"White balance" on TIFF film scans

I wouldn’t be so sure about that, Mark !
Regardless, tho; great tip … I have bookmarked this.

John M

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Yeah, if I had a dollar for every time I heard someone (usually not a photographer) talk about Photoshop like it’s a competitor to, say Luminar or ON1. It does my head in. I mean… you can use Photoshop to rotate a 320px jpeg, too, but it’s like buying a trucking company to get your groceries home. But… see below.

Hmmm, yeah, not the way I’m going about it. Try scanning 270 negatives (with the intent to process most of them) without going batty and you’ll probably decide, like me, that your scanner software’s ability to perform the colour conversion, while also cropping out the 4-6 negatives per strip is a worthwhile. I’m still hesitating on the exposure locking procedure that @mikemyers highlighted in another thread.

I mean, I want good colour, but I’m not out to make too much work for myself to get it perfect.

In any case, @stuck’s point about using Affinity Photo has panned out very well. While I lose the convenience of the “darkroom” experience, I do have more flexibility at my disposal. So yes, for this task, a small trucking fleet is in order. :slight_smile:

So far I’ve done three photos. One I spent a lot of time fiddling with numerous filters and adjustments and the other two I just copied those and tweaked. I’m still not 100% on whether I need them all, but I have deployed Unsharp Mask, Noise Reduction, Curves, White Balance, Colour Balance, Vibrance, and Vignette. I’m not sure about White Balance versus Colour balance as yet. I think I might be able to do with just the latter but I need to experiment more. The White Balance picker didn’t give me a decent result, so it is all dialled in by eye.

The result is quite pleasing…

Strange tone curve, I mean for me.
You inverted the rgb channel but are using the individual r,g and b channels too. But they are not inverted.
And from what I see from the blue curve you changed the gamma correction for that channel.


Hi George. Yes you have to invert the RGB curve in order to see a positive image. You can invert the individual color channels if you wish, but I just choose to use them backwards. It is very similar to adjusting color with an enlarger colorhead, which I am very familiar with. Yes, the gamma on the blue channel is slightly higher(lower, backwards). I was adjusting by sight. Good observation!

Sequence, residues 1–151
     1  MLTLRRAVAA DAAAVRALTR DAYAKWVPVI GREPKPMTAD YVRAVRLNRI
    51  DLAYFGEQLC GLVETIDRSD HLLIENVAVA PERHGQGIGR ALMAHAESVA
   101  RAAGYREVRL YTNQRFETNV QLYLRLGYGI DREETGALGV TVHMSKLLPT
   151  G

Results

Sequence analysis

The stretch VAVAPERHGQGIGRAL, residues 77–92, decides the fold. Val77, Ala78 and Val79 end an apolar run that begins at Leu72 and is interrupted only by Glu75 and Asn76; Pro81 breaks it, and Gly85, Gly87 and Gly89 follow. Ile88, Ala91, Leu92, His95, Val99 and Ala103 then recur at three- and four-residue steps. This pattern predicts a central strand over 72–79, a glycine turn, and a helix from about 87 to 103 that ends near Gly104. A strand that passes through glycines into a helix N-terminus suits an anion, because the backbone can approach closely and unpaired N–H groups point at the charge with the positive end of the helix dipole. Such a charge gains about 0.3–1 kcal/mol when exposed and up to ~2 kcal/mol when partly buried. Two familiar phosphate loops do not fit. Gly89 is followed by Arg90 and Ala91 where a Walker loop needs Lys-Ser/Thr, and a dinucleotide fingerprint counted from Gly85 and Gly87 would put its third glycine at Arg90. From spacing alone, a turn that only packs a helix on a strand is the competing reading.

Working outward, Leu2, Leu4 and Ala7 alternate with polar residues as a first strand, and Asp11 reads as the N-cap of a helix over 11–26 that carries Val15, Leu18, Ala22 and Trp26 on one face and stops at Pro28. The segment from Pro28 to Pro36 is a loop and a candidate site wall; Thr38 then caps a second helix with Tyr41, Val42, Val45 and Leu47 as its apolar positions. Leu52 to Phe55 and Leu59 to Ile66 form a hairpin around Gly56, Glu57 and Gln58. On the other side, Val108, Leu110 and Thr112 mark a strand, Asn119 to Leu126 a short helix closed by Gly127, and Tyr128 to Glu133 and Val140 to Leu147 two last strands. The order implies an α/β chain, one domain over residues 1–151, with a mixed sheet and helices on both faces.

I just ask for there is something I don’t understand with that inversion.
By example. Two tools: tone curve and selective tone. Selective tones lightens the image when moving the slider to the right and darkens when moving the the left. All based on what I see.
But when inverting the image with the tone curve tool, the selective tone behaves just in the opposite: to the right is darkening and to the left is lighter.
On what data are they based?


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There are quite a few threads on making a negative positive…
Here’s a quick selection:

Again, check out https://www.negativelabpro.com for more hints,
also about capturing with VueScan… NLP uses techniques in order to make very good conversions easily. Tone curves can get very refined, depending on what I set.

Here, the three curves look similar because the negative was easy to convert.
Difficult negatives will produce curves that look quite different.

Manualy adjusting so many points on the tonecurves is not practical. Manual adjustments can be limited to something as shown by @rrblint above, still providing decent results.

In a raw negative workflow, a few sliders work the other way as you noticed. The reason for this lies in the tonecurve(s). Usually, the tonecurve makes a 0 from 0 and 1 from 1, an inverted tonecurve makes a 1 from 0 and a 0 from 1 instead, effectively decreasing light while the slider is pulled to the right. On negative film, more light means darker negatives.

I use a variation of the “Optical corrections only” preset and then additionally adjust the tone curve only. Then export to DNG for further processing. Now everything is positive and the sliders will work as they should. :smiley: